I know that some of the participants have to be careful to avoid neck pain and headaches. Others can tweak the low back with seemingly innocuous movements like slightly tripping on a curb. And a few get the unlucky trifecta of neck, low back, and knee troubles. Designing exercises that can be done by everyone is an impossible task since obviously there isn’t a one-size-fits-all exercise program.
Except that exercise can be modified. Here’s a decision tree for how you can evaluate each exercise and determine if and how it should be changed.
Does thinking about the movement cause any twinge or hesitation?
If so, does it cause actual pain in your system? If so, don’t do the exercise. Skip it and substitute something else that you know does not aggravate you.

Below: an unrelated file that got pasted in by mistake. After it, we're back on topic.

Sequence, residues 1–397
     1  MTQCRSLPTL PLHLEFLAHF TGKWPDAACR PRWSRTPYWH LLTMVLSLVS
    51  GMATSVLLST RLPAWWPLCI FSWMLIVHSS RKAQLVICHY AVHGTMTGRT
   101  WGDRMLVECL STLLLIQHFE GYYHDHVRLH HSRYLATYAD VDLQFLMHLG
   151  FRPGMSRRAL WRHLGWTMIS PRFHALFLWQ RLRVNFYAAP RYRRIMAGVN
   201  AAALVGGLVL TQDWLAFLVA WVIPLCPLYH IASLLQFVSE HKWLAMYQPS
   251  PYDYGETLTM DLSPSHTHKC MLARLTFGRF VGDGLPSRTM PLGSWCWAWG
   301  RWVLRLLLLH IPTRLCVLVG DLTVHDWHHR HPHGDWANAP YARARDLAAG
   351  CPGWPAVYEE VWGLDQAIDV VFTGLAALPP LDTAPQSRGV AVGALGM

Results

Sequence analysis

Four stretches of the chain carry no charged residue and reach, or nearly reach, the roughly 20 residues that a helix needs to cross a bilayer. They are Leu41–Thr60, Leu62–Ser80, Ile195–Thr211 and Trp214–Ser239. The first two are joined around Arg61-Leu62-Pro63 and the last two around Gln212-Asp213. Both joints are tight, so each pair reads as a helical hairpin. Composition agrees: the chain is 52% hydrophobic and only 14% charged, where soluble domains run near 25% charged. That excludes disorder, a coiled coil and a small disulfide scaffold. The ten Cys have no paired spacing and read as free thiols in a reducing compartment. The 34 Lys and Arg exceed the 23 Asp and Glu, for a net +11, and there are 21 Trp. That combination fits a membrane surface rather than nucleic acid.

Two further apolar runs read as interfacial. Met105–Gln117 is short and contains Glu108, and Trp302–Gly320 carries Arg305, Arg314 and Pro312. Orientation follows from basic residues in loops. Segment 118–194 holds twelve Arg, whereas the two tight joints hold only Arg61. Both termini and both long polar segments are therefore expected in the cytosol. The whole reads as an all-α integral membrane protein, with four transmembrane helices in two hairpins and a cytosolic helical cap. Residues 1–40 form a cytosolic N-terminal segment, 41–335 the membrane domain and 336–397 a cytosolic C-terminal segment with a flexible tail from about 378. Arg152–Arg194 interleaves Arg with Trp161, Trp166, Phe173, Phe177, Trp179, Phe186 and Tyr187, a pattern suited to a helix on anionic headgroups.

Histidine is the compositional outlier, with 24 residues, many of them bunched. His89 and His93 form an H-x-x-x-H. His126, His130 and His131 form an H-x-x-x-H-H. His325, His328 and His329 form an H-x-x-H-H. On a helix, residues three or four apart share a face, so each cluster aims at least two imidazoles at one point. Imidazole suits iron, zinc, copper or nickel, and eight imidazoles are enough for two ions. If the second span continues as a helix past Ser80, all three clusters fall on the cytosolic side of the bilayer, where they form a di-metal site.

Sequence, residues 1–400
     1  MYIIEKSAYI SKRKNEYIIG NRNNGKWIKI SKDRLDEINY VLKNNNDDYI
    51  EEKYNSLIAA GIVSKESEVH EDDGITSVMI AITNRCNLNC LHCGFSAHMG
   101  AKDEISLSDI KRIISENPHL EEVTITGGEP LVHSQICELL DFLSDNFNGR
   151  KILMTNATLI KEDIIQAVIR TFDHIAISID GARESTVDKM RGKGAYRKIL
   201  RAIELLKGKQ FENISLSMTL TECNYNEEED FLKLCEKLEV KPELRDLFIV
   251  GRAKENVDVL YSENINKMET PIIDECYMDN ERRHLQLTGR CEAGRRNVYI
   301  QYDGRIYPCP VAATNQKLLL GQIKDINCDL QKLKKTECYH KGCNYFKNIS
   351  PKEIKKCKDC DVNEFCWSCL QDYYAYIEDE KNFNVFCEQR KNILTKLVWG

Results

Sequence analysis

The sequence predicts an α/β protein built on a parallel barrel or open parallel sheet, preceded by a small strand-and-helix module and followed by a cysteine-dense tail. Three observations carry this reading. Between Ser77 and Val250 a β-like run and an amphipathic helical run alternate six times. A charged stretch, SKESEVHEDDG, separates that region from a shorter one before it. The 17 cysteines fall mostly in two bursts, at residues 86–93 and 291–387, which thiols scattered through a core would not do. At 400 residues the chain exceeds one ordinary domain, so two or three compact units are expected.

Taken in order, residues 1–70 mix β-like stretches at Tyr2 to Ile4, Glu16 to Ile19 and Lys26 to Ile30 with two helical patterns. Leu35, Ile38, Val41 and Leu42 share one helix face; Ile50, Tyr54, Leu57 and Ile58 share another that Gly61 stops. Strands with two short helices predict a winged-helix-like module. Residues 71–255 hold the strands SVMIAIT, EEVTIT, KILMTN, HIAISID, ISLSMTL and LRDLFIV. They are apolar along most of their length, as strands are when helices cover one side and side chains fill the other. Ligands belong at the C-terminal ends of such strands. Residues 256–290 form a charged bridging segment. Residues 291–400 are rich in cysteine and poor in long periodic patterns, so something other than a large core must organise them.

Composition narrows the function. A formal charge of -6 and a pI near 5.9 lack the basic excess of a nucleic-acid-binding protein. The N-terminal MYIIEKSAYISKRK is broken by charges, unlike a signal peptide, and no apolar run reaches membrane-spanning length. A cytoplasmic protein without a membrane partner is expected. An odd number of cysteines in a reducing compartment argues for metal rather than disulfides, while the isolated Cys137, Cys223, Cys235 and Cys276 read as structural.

If you question the reaction to the exercise and it is caution rather than pure resistance, try it slowly at first for just one repetition and stay aware of whether it is causing harm or not. If it feels good keep going, but if the hesitation continues, modify the exercise further.
- Do it slower. Slow movements actually recruit more core muscles.
- Do it for less time. You can easily fast forward the video or simply watch. Stop when it becomes laborious.
- Do fewer repetitions. You don’t need to do multiples of 5 or10. Why not 4? Many times just doing it once or twice is the right amount.
- Do it with less intensity, make it fun.
- Do smaller movements.
- Start with the idea of the suggested exercise, but let your body take over into something else that feels better.
And, always, always, stop at the first sensation of alarm whether that is pain or just a funny feeling to evaluate how to proceed. A mind and body that talk to each other often and kindly are better prepared to handle physical challenges than is the pair that ignores each other.